International staff: 5
National staff: 20
MSF has been assisting vulnerable people in El Salvador ever since Hurricane Mitch struck Central America in late 1998. When the first phase of emergency relief work came to an end in early 1999, MSF began longer-term initiatives for improving sanitation and access to clean water.
The western departments of Ahuachapán, Sonsonate, La Paz and San Vicente are susceptible to floods. MSF has started a program to reduce waterborne diseases, improve understanding of health issues and increase emergency preparedness at the community level.
In addition to providing materials for constructing water and sanitation facilities, MSF trains communities in how to use the facilities (poster above) and - very important in this flood-prone area - how to use them in case of flooding. Health education focuses on water treatment, hygiene and preparing for floods. This program will finish in April 2001.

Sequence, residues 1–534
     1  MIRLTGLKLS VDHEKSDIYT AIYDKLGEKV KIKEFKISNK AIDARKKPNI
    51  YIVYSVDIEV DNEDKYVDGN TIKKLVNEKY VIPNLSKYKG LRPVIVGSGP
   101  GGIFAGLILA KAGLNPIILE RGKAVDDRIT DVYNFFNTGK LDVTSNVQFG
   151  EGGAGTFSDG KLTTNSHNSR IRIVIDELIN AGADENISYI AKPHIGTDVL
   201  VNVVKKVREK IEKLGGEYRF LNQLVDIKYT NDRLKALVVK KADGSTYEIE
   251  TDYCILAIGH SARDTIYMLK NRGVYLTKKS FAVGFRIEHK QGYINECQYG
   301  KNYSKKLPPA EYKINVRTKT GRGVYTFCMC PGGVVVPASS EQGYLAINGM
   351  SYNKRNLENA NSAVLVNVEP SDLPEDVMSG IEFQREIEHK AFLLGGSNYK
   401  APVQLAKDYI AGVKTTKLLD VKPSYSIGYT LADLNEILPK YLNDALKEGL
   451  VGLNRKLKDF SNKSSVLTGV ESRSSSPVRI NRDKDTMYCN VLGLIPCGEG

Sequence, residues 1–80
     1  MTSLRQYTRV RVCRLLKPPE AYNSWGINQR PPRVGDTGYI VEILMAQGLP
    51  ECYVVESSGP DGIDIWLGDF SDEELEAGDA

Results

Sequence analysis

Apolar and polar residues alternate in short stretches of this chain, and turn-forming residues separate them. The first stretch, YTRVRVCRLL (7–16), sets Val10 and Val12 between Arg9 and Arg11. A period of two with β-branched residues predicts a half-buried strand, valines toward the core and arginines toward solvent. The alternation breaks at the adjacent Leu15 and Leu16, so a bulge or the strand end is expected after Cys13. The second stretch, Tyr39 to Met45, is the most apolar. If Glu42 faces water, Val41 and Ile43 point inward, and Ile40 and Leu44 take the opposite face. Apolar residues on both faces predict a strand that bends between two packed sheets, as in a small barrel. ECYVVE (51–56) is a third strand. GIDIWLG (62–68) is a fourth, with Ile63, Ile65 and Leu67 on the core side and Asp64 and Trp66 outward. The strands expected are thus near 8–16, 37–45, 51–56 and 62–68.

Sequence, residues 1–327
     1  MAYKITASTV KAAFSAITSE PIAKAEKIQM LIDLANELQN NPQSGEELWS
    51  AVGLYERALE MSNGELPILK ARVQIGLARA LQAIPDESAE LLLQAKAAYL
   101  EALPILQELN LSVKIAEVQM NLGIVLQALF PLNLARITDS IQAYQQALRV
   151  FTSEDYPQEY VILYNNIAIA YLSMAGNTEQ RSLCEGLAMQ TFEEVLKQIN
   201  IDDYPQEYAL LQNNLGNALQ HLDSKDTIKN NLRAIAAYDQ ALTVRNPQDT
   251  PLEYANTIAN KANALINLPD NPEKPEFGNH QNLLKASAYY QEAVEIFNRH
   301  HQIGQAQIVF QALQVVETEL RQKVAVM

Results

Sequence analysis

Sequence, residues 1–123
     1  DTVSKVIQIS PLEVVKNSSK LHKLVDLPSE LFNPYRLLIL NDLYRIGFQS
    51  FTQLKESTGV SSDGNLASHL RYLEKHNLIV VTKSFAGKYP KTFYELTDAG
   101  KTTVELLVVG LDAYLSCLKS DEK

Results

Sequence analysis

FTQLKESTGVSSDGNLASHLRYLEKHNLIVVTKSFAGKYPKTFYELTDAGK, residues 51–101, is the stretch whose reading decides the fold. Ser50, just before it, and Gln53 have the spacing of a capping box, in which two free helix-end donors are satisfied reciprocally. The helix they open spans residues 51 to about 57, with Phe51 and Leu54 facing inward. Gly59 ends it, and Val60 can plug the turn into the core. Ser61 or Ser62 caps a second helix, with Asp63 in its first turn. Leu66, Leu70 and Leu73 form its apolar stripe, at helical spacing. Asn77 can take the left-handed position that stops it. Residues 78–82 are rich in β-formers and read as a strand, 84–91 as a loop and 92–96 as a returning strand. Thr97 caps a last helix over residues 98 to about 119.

Another key area of activity is cholera preparedness. In the wake of a post-hurricane cholera outbreak in early 1999, MSF set up special cholera wards in three hospitals in the capital San Salvador. These facilities can be easily used again in the event of another major outbreak. Because clean, potable water is scarce, particularly in rural areas, MSF helped install equipment for producing chlorine solution used to purify water. Teams also trained Ministry of Health staff in water quality control.
MSF is considering launching a program to work on preventing mother-to-child HIV/AIDS transmission.
Médecins Sans Frontières first intervened in El Salvador in the early 1980s, during the height of the country's armed conflict.